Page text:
17. watchmen—prophets, whose duty it was to announce impending calamities, so as to lead the people to repentance (Isa 21:11; 58:1; Eze 3:17; Hab 2:1).
18. congregation—parallel to "nations"; it therefore means the gathered peoples who are invited to be witnesses as to how great is the perversity of the Israelites (Jer 6:16, 17), and that they deserve the severe punishment about to be inflicted on them (Jer 6:19).what is among them—what deeds are committed by the Israelites (Jer 6:16, 17) [MAURER]. Or, "what punishments are about to be inflicted on them" [CALVIN].
19. (Isa 1:2).fruit of . . . thoughts— (Pr 1:31). nor to my law, but rejected it—literally, "and (as to) My law they have rejected it." The same construction occurs in Ge 22:24.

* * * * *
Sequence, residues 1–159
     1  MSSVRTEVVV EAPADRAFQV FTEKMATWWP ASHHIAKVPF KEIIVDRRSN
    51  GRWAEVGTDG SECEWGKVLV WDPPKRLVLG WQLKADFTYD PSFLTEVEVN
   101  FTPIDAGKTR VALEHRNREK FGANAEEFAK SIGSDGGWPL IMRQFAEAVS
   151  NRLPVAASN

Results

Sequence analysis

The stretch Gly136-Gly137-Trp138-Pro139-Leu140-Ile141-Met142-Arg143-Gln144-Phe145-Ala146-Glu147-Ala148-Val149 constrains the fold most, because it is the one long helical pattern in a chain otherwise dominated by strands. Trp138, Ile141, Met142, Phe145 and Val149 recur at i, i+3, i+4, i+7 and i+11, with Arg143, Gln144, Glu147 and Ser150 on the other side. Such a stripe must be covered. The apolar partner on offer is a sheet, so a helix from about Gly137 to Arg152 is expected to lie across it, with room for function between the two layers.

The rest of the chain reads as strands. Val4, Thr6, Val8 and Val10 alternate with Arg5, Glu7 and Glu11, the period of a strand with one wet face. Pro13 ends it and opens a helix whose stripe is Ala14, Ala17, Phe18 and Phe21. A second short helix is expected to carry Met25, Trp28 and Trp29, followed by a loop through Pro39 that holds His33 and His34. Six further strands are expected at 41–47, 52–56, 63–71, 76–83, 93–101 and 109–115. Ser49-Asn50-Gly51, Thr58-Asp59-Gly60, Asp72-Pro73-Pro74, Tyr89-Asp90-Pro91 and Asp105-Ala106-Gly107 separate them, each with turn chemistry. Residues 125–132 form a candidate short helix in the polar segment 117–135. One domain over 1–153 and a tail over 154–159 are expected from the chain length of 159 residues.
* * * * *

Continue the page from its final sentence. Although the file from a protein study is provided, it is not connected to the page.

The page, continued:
20. Literally, "To what purpose is this to Me, that incense cometh to Me?"incense . . . cane— (Isa 43:24; 60:6). No external services are accepted by God without obedience of the heart and life (Jer 7:21; Ps 50:7-9; Isa 1:11; Mic 6:6, &c.). sweet . . . sweet—antithesis. Your sweet cane is not sweet to Me. The calamus.
22. north . . . sides of the earth—The ancients were little acquainted with the north; therefore it is called the remotest regions (as the Hebrew for "sides" ought to be translated, see on Isa 14:13) of the earth. The Chaldees are meant (Jer 1:15; 5:15). It is striking that the very same calamities which the Chaldeans had inflicted on Zion are threatened as the retribution to be dealt in turn to themselves by Jehovah (Jer 50:41-43).